Pop your garlic bulbs with foliage attached in a paper bag, wire basket, or a net that store oranges are sold in. Spread them out, don’t pile them up because air circulation is important to prevent mold. Alternatively, you could hang them in bunches by tying the necks together.
Then, choose a dark, dry place with good air circulation for storage. Room temperature is suitable, but too hot and they’ll cook. This is why it’s not a good idea to dry garlic bulbs in the blazing sun.
Some gardeners use a dry and airy garden shed, others a spare room, or ventilated garage. Use an old clothes airer to maximize space or hang bunches from the rafters.
As the bulbs dry out their papery coverings shrink to form a tight layer that preserves the tasty flesh for months.
Every week or so pick through the bulbs to check for rot, softening, or sprouts. If you find any, take them out and chop them up to see if any is immediately usable. Soft bulbs will infect others with rot, so it’s important to weed them out and keep the crop safe.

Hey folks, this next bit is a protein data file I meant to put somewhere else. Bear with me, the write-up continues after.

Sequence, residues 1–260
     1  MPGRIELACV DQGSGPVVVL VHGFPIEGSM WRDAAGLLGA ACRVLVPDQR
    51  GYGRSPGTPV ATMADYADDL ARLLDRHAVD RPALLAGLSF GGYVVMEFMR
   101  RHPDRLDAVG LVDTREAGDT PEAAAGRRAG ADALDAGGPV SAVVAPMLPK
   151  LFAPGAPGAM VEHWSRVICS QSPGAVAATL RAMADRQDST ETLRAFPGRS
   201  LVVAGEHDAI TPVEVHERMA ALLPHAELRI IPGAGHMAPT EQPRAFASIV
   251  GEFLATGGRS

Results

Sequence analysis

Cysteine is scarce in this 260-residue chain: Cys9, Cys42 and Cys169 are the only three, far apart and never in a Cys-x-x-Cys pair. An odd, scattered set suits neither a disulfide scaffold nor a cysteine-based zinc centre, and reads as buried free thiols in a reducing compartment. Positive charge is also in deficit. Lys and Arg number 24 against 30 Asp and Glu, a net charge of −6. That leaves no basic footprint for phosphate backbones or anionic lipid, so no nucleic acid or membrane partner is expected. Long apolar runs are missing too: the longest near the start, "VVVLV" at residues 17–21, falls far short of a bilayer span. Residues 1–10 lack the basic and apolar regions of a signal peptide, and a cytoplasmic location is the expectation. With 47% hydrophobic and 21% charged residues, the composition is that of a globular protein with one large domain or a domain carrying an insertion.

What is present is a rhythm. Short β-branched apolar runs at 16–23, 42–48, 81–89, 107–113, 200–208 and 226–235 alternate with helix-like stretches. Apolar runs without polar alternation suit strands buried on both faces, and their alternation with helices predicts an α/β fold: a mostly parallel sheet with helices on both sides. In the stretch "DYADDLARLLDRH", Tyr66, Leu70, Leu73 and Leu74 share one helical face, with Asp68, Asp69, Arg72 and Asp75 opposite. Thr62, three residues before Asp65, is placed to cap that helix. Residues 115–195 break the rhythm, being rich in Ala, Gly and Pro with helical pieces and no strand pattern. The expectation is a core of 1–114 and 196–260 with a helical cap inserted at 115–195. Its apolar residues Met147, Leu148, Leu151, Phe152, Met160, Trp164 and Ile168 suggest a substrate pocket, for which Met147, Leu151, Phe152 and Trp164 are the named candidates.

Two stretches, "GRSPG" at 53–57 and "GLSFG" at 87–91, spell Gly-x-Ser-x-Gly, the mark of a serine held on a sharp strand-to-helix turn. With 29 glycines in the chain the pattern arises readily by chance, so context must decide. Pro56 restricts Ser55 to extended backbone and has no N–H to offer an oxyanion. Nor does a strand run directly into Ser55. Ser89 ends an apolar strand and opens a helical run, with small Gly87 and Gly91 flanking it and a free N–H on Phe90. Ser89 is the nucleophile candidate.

If you don’t have room or the inclination to cure garlic bulbs, try freezing or dehydrating them.
Frozen garlic lasts 3-6 months in the freezer before it loses flavor. One of the very best ways to store is to peel then blend cloves. Place the blended garlic in a freezer bag, seal it, lie it flat, then use a ruler to press cubes like a chess board. Freeze it flat and simply break off cubes when you need a portion of garlic, such as a topper for garlic bread or a pasta sauce.
Create your own garlic powder by dehydrating and grinding up garlic cloves. This is a good way to use up any cloves damaged during the harvest.
How Long Does Cured Garlic Last?
The curing process takes a few weeks, and after that garlic can last for up to six months. Silverskins tend to last the longest and asiatic garlic the shortest.
Sniff to test! A healthy cured garlic smells garlicky but not so pungent as fresh garlic. If it’s lost all scent or smells sours then the chances are it’s rotting.
Clear Signs Garlic Is Ready for Harvest: Recap
Garlic matures at around eight to nine months after planting. Around this time look for yellow or brown foliage that’s starting to drop. Pick out a single garlic plant that’s lost 2-3 leaves and dig around the bulb to see what’s up. If you spot well-formed, well-protected individual cloves it’s ready for harvest.
The photo featured at the top of this post is © SHARKY PHOTOGRAPHY/Shutterstock.com